We all would have gone home happy right then and there—Butterfield, Clapton and Muddy, are you kidding me?—but if you’ve seen the movie or heard the recordings, you know what was yet to come: Next, we witnessed Neil Young and then Joni Mitchell. Sublime. They were followed by Neil Diamond, a singer many in the audience thought an odd choice, perhaps not knowing that the Band’s Robbie Robertson had produced his new album, A Beautiful Noise. From that album Diamond sang “Dry Your Eyes” with characteristic bravado, then took his leave. Few seemed to mind very much as Van Morrison took his place, raising the roof with a raving take on his “Caravan.”
For the next segment, following intermission, the Band returned on their own, with organist Garth Hudson’s showcase piece “Chest Fever,” followed by “Evangeline” and the inevitable “The Weight.”
Was that going to be it? Who would’ve complained if they’d said goodnight right then?
I’m told that poets Lawrence Ferlinghetti and Michael McClure read next but I have no recollection of that. (It should also be noted that a couple of the artists in the film were added after the fact.)
Then came Dylan. Wearing a white hat and a polka-dot shirt covered by a leather jacket, his hair longer than it had ever been, he and the Band tore into a revved-up take on the old folk song “Baby, Let Me Follow You Down.” His set was short—“Hazel,” “I Don’t Believe You,” “Forever Young” and a reprise of “Baby, Let Me Follow You Down” followed—but it was electrifying, the perfect way to close out the show.
Watch Robbie Robertson talk about The Last Waltz
But they weren’t done yet—of course not. The Band may have wanted to part from one another by this point in their lives, but they weren’t in any hurry to vacate the stage on this holiday night. The first encore, “I Shall Be Released,” featured most of the cast, joined now by Ringo Starr and Ronnie Wood. I remember turning to my friend and saying, “There’s a Beatle and a Rolling Stone on the stage and it doesn’t even seem that unusual.”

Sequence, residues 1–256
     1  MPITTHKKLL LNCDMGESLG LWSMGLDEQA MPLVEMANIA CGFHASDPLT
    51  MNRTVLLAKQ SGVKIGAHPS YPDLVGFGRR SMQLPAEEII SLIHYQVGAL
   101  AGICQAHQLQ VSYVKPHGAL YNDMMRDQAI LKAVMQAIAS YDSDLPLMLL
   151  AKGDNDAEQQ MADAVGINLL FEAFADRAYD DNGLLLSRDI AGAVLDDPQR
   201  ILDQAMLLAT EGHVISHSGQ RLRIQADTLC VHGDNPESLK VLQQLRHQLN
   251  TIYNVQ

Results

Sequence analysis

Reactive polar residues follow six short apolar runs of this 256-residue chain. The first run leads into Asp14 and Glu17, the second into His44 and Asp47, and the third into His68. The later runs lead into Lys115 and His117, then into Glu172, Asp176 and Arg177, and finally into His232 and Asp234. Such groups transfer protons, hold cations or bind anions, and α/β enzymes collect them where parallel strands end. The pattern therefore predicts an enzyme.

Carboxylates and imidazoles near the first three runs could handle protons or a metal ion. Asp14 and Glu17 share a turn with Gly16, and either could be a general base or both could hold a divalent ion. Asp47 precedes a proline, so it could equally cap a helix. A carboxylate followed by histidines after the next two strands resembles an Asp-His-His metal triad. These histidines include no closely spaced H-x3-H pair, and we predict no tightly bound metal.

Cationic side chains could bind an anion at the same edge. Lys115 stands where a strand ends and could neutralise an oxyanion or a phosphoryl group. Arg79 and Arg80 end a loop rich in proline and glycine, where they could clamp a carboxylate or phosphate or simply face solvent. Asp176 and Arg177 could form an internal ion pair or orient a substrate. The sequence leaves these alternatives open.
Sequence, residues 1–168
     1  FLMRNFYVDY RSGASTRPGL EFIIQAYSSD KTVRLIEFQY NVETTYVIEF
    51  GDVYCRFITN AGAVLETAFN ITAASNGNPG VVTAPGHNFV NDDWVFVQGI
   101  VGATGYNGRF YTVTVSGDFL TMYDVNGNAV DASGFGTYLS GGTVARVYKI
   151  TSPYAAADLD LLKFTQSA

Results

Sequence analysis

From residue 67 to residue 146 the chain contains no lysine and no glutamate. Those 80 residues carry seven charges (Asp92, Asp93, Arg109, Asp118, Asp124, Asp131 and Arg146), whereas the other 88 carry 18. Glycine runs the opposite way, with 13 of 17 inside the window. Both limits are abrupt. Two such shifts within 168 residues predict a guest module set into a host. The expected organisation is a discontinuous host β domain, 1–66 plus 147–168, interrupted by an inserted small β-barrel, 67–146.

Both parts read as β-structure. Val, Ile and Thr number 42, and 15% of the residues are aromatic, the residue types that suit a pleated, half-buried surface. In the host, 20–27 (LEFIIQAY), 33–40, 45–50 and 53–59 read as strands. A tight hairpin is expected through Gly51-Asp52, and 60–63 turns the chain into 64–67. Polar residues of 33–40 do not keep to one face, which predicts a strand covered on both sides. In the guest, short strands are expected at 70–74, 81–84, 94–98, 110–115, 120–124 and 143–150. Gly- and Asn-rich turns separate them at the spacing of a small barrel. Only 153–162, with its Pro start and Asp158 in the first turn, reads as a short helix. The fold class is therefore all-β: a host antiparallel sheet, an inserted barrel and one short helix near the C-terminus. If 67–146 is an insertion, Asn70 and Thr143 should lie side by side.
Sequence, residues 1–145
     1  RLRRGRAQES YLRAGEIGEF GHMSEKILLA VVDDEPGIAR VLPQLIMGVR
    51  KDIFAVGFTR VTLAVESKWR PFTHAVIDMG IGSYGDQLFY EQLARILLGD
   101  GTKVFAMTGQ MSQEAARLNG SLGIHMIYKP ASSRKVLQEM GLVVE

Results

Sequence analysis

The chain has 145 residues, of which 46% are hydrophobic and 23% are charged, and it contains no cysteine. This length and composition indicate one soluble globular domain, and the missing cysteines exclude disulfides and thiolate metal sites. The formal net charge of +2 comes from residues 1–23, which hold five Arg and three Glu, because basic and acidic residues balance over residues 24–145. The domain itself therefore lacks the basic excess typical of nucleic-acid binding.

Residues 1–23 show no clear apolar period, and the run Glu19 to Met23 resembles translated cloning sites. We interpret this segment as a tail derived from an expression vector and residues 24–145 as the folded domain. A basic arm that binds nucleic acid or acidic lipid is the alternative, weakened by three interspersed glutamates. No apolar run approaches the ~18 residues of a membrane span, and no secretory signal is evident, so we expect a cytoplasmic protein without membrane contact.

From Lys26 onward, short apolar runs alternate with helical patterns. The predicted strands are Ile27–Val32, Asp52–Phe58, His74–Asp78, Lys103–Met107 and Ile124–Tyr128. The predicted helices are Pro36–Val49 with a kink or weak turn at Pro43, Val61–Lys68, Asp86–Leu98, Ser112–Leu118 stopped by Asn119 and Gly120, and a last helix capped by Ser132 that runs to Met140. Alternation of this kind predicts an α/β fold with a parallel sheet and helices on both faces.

A couple of jams followed—at some point Stephen Stills made his presence known—and it all ended with Marvin Gaye’s “Don’t Do It.” And that was it for the Band. Robbie Robertson, Levon Helm, Garth Hudson, Richard Manuel and Rick Danko would all continue to make music as the years passed, sometimes as the Band (never again with Robertson though) and in other joint and solo endeavors. Three of them—Manuel, Danko and Helm—are gone now, but that Thanksgiving sendoff remains one of classic rock’s singular events, one that will likely be commemorated and enjoyed for decades to come.
It was worth every penny of that 25 bucks.
(A personal coda: The morning after that event, I was so still so pumped up that I sat down at my typewriter—remember typewriters?—and wrote up a review. I had just begun submitting news stories to my college newspaper so I gave my concert review to the editor and asked her if she could take a look at it. The following week it appeared in print, setting me off on a journey as a music journalist that continues to keep me busy nearly every day of my life 40 years later. The Band’s finale provided the beginning of at least one person’s career.)
Watch the first encore of The Last Waltz, ” with a cast of rock legends
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Jeff has also served on the Nominating Committee of the Rock and Roll Hall of Fame and as a consultant to the Grammys. As a consultant to the Music Club CD label, he assisted in releasing over 180 reissues and compilations, in styles ranging from jazz to country to pop. His first book was Got a Revolution! The Turbulent Flight of Jefferson Airplane (published in June 2003) – the first biography of this legendary San Francisco band written with the cooperation of all of the band members. He is also the co-author of Shell Shocked: My Life with the Turtles, Flo and Eddie, and Frank Zappa, etc, with Howard Kaylan. From 2002 to 2006 Jeff was the editor of Global Rhythm, the leading magazine for world music and global culture. He was the Associate Editor of JazzTimes from 2008-16. He lives in Hoboken, NJ, with his wife, the novelist and Boston Globe book columnist Caroline Leavitt. Their son, Max, is a theater major at Pace University in New York.